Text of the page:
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February 1988

The Diurnal Variation in Plasma Homovanillic Acid Level Persists but the Variation in 3-Methoxy-4-hydroxyphenylglycol Level Is Abolished Under Constant Conditions

Author Affiliations

From the Clinical Psychobiology Branch, National Institute of Mental Health (Drs Sack, James, and Wehr), the National Institute of Drug Abuse (Dr Sherer), and the Laboratory of Clinical Studies, Division of Intramural and Biological Research, National Institute on Alcohol Abuse and Alcoholism (Dr Linnoila), National Institutes of Health, Washington, DC; and University of California, Davis (Dr Doran). Dr Sack is now with Los Altos Hospital, Los Altos, Calif.

Arch Gen Psychiatry. 1988;45(2):162-166. doi:10.1001/archpsyc.1988.01800260076010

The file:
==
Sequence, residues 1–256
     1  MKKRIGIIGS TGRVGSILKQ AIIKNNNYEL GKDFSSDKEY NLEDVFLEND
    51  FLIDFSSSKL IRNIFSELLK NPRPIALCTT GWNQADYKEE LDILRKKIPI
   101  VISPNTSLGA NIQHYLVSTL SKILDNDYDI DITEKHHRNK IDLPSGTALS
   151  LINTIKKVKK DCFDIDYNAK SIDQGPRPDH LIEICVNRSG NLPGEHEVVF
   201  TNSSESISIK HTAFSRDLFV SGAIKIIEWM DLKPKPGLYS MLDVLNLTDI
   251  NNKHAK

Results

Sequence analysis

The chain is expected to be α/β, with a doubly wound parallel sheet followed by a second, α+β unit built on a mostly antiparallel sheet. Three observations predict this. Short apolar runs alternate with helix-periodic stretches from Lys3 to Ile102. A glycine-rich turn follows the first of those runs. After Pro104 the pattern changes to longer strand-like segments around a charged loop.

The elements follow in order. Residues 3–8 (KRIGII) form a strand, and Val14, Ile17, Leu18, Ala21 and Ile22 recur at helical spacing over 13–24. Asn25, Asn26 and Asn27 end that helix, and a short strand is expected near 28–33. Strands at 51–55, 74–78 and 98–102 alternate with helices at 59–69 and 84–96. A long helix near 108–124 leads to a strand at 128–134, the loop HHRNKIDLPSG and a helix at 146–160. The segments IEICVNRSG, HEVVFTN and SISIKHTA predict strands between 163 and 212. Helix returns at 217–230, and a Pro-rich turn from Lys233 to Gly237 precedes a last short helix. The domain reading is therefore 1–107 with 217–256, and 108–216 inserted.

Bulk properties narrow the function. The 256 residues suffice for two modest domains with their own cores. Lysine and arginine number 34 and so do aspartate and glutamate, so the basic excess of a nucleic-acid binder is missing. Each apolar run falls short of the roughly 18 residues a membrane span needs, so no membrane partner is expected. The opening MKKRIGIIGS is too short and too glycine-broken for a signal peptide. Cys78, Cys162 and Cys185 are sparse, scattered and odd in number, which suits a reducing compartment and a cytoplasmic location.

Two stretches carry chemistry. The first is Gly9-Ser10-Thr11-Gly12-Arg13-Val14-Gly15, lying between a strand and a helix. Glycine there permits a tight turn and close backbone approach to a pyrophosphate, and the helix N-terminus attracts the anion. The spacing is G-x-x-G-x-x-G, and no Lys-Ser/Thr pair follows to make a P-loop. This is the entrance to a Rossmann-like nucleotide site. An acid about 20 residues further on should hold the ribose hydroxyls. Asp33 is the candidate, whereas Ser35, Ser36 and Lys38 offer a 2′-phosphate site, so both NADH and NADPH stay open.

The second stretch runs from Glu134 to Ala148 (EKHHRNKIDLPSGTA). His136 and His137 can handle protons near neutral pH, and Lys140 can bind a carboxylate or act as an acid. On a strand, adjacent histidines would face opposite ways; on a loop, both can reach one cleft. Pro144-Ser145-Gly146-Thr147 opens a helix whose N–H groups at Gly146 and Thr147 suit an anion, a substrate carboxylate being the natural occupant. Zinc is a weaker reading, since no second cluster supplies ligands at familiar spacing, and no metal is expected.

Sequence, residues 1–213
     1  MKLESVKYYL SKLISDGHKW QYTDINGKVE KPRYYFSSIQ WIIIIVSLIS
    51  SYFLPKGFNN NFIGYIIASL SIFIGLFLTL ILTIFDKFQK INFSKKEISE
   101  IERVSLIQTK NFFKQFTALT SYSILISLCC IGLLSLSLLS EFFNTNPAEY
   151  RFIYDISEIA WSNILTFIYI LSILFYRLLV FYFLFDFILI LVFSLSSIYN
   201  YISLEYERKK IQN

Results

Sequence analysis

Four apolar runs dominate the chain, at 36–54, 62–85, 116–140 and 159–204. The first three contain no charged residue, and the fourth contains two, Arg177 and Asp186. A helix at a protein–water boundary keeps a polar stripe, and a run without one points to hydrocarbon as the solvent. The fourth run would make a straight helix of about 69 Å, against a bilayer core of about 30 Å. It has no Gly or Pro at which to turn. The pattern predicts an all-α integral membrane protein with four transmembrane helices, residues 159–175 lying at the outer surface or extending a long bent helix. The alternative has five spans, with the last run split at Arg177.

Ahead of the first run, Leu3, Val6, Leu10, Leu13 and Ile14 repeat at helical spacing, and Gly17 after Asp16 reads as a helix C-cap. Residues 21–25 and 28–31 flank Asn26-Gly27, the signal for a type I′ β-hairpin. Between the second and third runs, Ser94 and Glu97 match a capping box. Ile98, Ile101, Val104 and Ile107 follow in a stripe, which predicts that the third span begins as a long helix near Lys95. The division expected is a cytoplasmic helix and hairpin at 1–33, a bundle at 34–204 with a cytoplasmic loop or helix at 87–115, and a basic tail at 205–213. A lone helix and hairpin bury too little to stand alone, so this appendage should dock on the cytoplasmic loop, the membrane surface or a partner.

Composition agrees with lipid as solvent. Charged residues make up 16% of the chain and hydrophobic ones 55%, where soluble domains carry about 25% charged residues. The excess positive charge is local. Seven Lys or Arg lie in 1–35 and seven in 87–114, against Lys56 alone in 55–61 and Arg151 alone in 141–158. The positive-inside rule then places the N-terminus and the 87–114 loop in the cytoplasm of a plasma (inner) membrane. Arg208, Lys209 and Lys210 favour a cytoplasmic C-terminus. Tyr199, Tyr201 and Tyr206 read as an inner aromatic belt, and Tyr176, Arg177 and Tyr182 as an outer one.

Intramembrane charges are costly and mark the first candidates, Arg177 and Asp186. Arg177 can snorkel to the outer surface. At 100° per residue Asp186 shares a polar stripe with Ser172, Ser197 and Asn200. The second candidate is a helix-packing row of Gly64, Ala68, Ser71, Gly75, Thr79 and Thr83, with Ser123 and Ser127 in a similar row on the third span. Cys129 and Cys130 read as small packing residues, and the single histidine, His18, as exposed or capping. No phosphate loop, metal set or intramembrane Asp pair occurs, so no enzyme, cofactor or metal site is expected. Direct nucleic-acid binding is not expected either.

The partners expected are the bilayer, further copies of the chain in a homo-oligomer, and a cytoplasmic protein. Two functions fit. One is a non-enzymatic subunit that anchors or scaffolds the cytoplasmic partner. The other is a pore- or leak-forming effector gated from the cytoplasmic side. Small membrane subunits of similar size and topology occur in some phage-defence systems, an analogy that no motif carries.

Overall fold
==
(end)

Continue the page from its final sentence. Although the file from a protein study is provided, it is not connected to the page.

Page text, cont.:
• Plasma concentrations of homovanillic acid (HVA) and 3-methoxy-4-hydroxyphenylglycol (MHPG) were determined every two hours for two consecutive days in seven depressed patients and seven matched normal controls. On the first day subjects followed their regular ward routine. On the second day they were placed on a regimen in which activity, posture, diet, and wakefulness were held constant. There were significant diurnal variations in both MHPG and HVA concentrations on the baseline day, whereas on the constant routine, a diurnal variation was present only in HVA. We conclude that diurnal variations in plasma MHPG are evoked by changes in physical activity, posture, or other factors controlled on the constant routine, and that a major component of the diurnal variation in plasma HVA concentrations is regulated by a circadian oscillator that is independent of sleep or activity.